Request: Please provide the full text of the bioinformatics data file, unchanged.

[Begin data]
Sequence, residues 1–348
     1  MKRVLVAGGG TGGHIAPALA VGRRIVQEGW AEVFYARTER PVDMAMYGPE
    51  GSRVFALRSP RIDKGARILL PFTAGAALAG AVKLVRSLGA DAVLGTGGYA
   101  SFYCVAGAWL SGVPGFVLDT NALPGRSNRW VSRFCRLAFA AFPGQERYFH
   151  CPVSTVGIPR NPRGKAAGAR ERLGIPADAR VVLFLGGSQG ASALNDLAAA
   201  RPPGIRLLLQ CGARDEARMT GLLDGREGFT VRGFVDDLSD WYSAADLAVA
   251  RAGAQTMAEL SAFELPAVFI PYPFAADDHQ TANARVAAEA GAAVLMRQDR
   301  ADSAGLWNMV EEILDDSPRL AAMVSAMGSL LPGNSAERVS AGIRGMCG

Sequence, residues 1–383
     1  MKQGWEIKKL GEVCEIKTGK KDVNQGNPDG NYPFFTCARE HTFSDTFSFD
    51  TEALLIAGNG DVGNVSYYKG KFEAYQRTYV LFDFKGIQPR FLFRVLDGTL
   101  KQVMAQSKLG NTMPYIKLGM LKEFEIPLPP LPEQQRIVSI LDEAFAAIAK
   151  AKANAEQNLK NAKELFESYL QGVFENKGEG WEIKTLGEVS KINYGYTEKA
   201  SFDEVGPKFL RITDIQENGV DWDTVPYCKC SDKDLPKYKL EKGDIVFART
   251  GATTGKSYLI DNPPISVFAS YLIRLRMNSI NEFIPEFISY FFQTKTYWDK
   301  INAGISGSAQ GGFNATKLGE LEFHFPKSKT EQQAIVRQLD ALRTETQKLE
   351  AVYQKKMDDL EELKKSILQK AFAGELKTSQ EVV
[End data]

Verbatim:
Sequence, residues 1–348
     1  MKRVLVAGGG TGGHIAPALA VGRRIVQEGW AEVFYARTER PVDMAMYGPE
    51  GSRVFALRSP RIDKGARILL PFTAGAALAG AVKLVRSLGA DAVLGTGGYA
   101  SFYCVAGAWL SGVPGFVLDT NALPGRSNRW VSRFCRLAFA AFPGQERYFH
   151  CPVSTVGIPR NPRGKAAGAR ERLGIPADAR VVLFLGGSQG ASALNDLAAA
   201  RPPGIRLLLQ CGARDEARMT GLLDGREGFT VRGFVDDLSD WYSAADLAVA
   251  RAGAQTMAEL SAFELPAVFI PYPFAADDHQ TANARVAAEA GAAVLMRQDR
   301  ADSAGLWNMV EEILDDSPRL AAMVSAMGSL LPGNSAERVS AGIRGMCG

Sequence, residues 1–383
     1  MKQGWEIKKL GEVCEIKTGK KDVNQGNPDG NYPFFTCARE HTFSDTFSFD
    51  TEALLIAGNG DVGNVSYYKG KFEAYQRTYV LFDFKGIQPR FLFRVLDGTL
   101  KQVMAQSKLG NTMPYIKLGM LKEFEIPLPP LPEQQRIVSI LDEAFAAIAK
   151  AKANAEQNLK NAKELFESYL QGVFENKGEG WEIKTLGEVS KINYGYTEKA
   201  SFDEVGPKFL RITDIQENGV DWDTVPYCKC SDKDLPKYKL EKGDIVFART
   251  GATTGKSYLI DNPPISVFAS YLIRLRMNSI NEFIPEFISY FFQTKTYWDK
   301  INAGISGSAQ GGFNATKLGE LEFHFPKSKT EQQAIVRQLD ALRTETQKLE
   351  AVYQKKMDDL EELKKSILQK AFAGELKTSQ EVV